Saudi Arabia Cited as TOP Violator of Religious Freedom

Discussion in '2003 Archive' started by LadyEagle, May 14, 2003.

  1. LadyEagle

    LadyEagle
    Expand Collapse
    <b>Moderator</b> <img src =/israel.gif>
    Moderator

    Joined:
    Feb 7, 2002
    Messages:
    22,028
    Likes Received:
    1
    http://www.washtimes.com/national/20030514-97788043.htm

    We don't need Saudi oil, yet we keep buying it. Why don't we use our own or buy from Argentina or somewhere else ??


    Congress formed this Commission yet then rewards religious persecution in these countries by enacting Free World Trade Agreements with them, i.e. Vietnam and China (Normal US Trade Relations) granted during this Administration. :rolleyes:

    Next time we buy shoes or anything else made in China, we might like to say a prayer for our Christian brothers & sisters who are being tortured & murdered over there as we plunk down our cash. [​IMG]

    Or we might try boycotting Chinese goods to send our lawmakers & big business a message where it hurts. :(

    Or we can pretend we don't know any better & keep buying the cheap junk at Wal-Mart & everywhere else, I guess. :(

    Someone help me with this -

    Are Christians in the free world responsible to God & will we answer to God some day for whether or not we knowingly bought goods from countries that tortured our Brothers & Sisters in Christ?

    :confused:
     
  2. Jim1999

    Jim1999
    Expand Collapse
    <img src =/Jim1999.jpg>

    Joined:
    Aug 10, 2002
    Messages:
    15,460
    Likes Received:
    0
    I am not sure where this fits in a theological debate forum?????????//
     
  3. LadyEagle

    LadyEagle
    Expand Collapse
    <b>Moderator</b> <img src =/israel.gif>
    Moderator

    Joined:
    Feb 7, 2002
    Messages:
    22,028
    Likes Received:
    1
    Well, for starters, could this verse be applied to the question?

    Luke.12[48]b...For unto whomsoever much is given, of him shall be much required: and to whom men have committed much, of him they will ask the more. :confused:

    Wondering...
     
  4. Johnv

    Johnv
    Expand Collapse
    New Member

    Joined:
    Oct 24, 2001
    Messages:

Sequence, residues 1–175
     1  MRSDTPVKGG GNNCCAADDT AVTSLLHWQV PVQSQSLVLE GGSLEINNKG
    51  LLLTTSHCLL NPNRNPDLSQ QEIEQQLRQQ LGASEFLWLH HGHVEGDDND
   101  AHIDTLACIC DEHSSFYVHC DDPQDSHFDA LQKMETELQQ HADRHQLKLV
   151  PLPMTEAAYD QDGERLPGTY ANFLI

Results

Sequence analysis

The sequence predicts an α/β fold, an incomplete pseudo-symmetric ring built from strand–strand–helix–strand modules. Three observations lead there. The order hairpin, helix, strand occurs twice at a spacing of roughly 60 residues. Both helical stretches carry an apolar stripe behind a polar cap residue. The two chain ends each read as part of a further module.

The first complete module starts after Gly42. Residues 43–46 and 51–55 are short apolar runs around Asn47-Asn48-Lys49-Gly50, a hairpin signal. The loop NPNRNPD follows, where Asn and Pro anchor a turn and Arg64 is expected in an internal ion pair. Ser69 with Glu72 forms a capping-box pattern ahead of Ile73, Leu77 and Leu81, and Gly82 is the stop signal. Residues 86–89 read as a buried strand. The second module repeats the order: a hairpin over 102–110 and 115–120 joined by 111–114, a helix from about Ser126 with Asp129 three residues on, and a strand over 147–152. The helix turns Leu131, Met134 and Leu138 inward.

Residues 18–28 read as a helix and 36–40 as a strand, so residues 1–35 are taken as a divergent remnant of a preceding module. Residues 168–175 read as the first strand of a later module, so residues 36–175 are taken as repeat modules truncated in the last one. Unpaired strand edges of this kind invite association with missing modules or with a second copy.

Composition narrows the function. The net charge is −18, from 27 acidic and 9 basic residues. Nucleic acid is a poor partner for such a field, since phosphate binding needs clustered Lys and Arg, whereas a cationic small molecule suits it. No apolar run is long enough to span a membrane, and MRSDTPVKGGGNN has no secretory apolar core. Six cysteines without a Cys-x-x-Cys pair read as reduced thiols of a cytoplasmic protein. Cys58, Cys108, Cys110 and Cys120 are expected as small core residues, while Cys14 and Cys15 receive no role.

21,321
    Likes Received:
    0
    Thocracies are a bad idea.

    The official religion of Saudi Arabia is Islam. About 96% of the population is either Sunni or Shiite Muslim. The government supports mosques publicly. While the government does not fund the building of churches, it recogizes the right of non-Muslims to practice their religion privately. While there are no churches, Christians most often meet in rented halls or meeting houses for worship.

    In addition to the 15 million Muslims, 7 million foreigners also reside in the country, including approximately 1.5 million Indians, 900,000 Bangladeshis, 800,000 Egyptians, nearly 800,000 Pakistanis, 600,000 Filipinos, 130,000 Sri Lankans, and 36,000 Americans. Comprehensive statistics for the denominations of foreigners are not available, but they include Muslims from the various branches of Islam, Christians, Hindus, Buddhists, and Jews. For example, the Embassy of the Philippines reports that over 90 percent of the Filipino community (or over half a million persons) is Christian. The Embassy of India reports that the Indian community includes Muslims and Hindus, as well as Christians and Buddhists. The U.S. Conference of Catholic Bishops estimates there are well more than 500,000 Catholics in the country, and perhaps as many as 1 million. There is no information regarding the number of atheists in the country.

    Christianity Today Magazine has in the past been quoted as recognizing that, in spite of Saudi Arabia's record on human rights, the Saudi government prefers to remain "in the middle" when it comes to non-Muslim worship, preferring not to get involved unless absolutely necessary. Still, the Saudi government remains tight on keeping non-Muslim worship completely private.

    I don't think the problem lies with Saudi Arabia being Muslim as much as it does with living in a theocratic government. From our own Christian history, we've learned that Christian theocracy typically led to the opression of non-Christian peoples. For the most part, Christian theocracies have dwindled, but pretty recently in history. The Muslim world must learn that as well, if it is to survive peaceably. (I don't want to live in a country that has an official religion, even if it's Christianity. That would go against the very fibre of the constitution.)

    The United States has maintained close official ties with the kingdom for more than 60 years, although not without strain since the Sept. 11, 2001, terrorist attacks.

    There is a debate, for example, about whether Saudi Arabia contributes to terrorism by giving money to extremist Islamic groups in South Asia and elsewhere, or whether they have joined hands with the United States in the fight against terrorism.

    The United States calls the kingdom a partner in the fight against terror but says the Saudis could do much more. To their credit, the Saudis have recently arrested hundreds terrorist suspects, including those involved with al-Qaida, the network headed by Saudi-born expatriate Osama bin Laden. They say intelligence sharing has resulted in the freezing of more than $70 million linked to terrorist organization financial accounts.

    Washington seems determined to preserve good relations with the country. The Saudis won points with the United States a year ago by issuing a formal proposal for a comprehensive settlement of the Israeli-Palestinian conflict. Of course, that's a topic for another thread.
     

Share This Page

Loading...